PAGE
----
Intermediaries of Empire and War? Colonial Soldiers Positioning Themselves within Military, Colonial, Racial, and Indigenous Ideologies of Order

AHA Session 163
Saturday, January 8, 2011: 11:30 AM-1:30 PM
Simmons Room (Marriott Boston Copley Place)
Richard S. Fogarty, University at Albany (State University of New York)
Carol Summers, University of Richmond

Session Abstract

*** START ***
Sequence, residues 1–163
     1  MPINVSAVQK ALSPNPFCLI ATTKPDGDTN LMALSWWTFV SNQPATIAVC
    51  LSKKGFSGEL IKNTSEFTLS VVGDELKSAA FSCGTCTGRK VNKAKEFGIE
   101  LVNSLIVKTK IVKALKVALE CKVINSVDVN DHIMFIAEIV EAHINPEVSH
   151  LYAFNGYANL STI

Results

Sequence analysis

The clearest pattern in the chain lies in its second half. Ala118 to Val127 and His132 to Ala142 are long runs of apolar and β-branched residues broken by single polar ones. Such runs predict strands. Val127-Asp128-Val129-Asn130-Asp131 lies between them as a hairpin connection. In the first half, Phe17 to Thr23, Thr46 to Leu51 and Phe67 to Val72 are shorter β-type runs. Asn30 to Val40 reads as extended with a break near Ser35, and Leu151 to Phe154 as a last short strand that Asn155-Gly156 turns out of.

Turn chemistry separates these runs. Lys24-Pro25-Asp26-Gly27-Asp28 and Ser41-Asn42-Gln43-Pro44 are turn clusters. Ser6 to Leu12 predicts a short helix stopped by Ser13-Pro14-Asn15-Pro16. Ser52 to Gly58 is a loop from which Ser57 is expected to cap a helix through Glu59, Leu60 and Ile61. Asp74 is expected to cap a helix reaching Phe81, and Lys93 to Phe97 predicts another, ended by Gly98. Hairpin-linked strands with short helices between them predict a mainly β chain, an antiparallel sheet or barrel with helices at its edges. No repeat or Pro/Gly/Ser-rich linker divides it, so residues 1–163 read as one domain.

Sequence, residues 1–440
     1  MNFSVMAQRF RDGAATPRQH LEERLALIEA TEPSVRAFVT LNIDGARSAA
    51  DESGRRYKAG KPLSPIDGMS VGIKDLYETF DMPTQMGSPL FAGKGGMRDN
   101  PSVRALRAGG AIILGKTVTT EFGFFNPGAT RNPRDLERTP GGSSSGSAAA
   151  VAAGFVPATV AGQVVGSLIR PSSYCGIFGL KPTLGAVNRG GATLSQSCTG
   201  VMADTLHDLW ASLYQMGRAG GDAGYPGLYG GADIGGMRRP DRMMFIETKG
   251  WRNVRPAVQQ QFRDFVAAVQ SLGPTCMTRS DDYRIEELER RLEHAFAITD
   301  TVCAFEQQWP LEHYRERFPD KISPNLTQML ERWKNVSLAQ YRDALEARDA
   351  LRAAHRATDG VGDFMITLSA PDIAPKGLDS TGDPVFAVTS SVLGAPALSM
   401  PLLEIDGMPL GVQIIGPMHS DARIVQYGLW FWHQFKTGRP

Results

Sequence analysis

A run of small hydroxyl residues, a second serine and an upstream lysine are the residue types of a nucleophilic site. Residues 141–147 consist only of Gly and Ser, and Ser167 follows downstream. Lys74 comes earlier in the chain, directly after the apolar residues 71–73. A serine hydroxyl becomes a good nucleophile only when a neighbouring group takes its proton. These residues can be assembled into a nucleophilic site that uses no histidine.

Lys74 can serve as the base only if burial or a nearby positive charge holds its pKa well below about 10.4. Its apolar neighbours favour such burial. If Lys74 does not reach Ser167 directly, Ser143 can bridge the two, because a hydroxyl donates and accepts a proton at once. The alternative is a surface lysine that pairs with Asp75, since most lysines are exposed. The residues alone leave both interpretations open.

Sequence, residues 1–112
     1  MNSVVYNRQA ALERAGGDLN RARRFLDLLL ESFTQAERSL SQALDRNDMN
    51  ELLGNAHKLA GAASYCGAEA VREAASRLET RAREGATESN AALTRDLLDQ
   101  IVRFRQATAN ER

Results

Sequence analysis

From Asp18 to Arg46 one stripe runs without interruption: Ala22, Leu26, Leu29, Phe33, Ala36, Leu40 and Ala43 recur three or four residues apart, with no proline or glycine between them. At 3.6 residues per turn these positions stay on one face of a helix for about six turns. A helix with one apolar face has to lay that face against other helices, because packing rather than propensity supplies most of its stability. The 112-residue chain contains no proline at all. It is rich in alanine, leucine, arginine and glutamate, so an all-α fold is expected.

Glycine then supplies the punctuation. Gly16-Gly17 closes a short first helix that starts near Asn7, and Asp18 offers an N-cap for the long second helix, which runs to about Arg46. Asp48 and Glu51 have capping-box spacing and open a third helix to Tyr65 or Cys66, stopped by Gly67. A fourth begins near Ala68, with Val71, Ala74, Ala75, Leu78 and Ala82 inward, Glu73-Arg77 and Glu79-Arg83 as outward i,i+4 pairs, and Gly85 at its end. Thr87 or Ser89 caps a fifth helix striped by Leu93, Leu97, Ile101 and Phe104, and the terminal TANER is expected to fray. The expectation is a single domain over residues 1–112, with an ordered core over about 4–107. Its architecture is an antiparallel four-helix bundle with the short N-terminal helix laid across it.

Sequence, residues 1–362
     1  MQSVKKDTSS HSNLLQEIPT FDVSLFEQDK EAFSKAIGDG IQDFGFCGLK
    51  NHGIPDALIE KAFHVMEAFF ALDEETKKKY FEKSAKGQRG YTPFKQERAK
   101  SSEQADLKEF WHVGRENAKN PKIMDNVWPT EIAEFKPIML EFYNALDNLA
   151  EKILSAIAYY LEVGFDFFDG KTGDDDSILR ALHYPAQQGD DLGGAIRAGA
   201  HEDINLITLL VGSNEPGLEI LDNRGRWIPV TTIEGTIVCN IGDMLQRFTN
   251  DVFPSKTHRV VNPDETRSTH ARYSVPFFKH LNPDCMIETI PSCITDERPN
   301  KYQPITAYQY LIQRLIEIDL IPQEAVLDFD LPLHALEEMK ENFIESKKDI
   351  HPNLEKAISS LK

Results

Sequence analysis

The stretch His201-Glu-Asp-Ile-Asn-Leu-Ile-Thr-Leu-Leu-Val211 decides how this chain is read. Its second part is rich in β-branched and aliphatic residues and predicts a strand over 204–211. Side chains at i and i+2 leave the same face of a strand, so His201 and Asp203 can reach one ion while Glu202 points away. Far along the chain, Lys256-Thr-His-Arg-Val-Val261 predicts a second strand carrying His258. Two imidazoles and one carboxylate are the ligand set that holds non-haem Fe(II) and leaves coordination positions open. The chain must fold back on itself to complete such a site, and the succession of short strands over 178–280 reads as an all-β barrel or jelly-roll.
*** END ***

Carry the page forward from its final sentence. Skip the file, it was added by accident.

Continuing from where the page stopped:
The papers in this panel examine colonial soldiers from German East Africa, the British West Indies, and French West Africa, who served in German, British, and French military forces and were deployed in theatres of imperial expansion, defense, and consolidation in North and East Africa, as well as Palestine. Colonial servicemen's origins and destinations varied greatly in geography, climate, and socio-cultural contexts; however, they all shared similar positions and roles in colonial armies and empire. Colonial soldiers, by virtue of their provenance, employments, and employers, question the legitimacy of conceptualizing historical actors in the colonial world within the dyads of ”colonizer” and “colonized,” or “citizen” and “subject.” In addition to questioning the “intermediary” or “go-between” roles of colonial soldiers, central themes analyzed by this panel include colonial soldiers' agency, race, and the relations of fraternity, subordination, and clientship in imperial armies, as well as between soldiers and local communities. Each paper excavates the everyday experiences and personal ambitions of colonial soldiers, in order to reveal how colonial servicemen, in addition to operating as middlemen, or brokers, of empire, also acted in their own interests, which may not have agreed with colonial, military or local community rationalities. The panel's presentations place primacy on the agency of colonial soldiers who negotiated the coercive, yet fragmented, ideologies driving military and colonial institutions—nationalism, patriotism, order, and hierarchy to name a few. Admittedly, colonial militaries and institutions were obliging, hierarchical and wielded tremendous authority, however, colonial soldiers learned how to toe the line, as well as how to circumvent or manipulate it for their own ends. Colonial soldiers may not have made decisions dictating their deployments, battle formations, or where they met their ends, but when they saw opportunities for accumulation, they seized them. These papers also deal with racial discourses and ideologies embedded within the logic of imperial policies, institutions, and socio-cultural ordering, as well as the racialized social hierarchies of the communities at the other end of colonial soldiers' bayonets. The colonial soldiers in question were all members of communities from sub-Saharan Africa and its Diaspora, thus, these papers analyze race within a long historical frame in order to question how colonial racism is linked to, or antithetical to, racisms that emerged in its antecedents—the trans-Atlantic and trans-Saharan slaving systems. Pointedly, one paper will question how the soldiers themselves relied on their “diasporic” differences to improve their social standing vis-à-vis sub-Saharan Africans. Although military systems are based on meritocracy and ranking order, in the case of colonial soldiers, race often set glass ceilings in the ranks and limited fraternizing among soldiers of different geographical origins. These papers will question how colonial soldiers forged professional and friendly relations with their European superiors, among the rank-and-file, as well as with the local communities they were protecting/conquering. Our intended audience are historians interested in colonialism, race, agency, military, soldiering, loyalty, intermediaries, Africa, the Caribbean, modern Europe, conflict, trans-nationalism, and cross-colonial contact.

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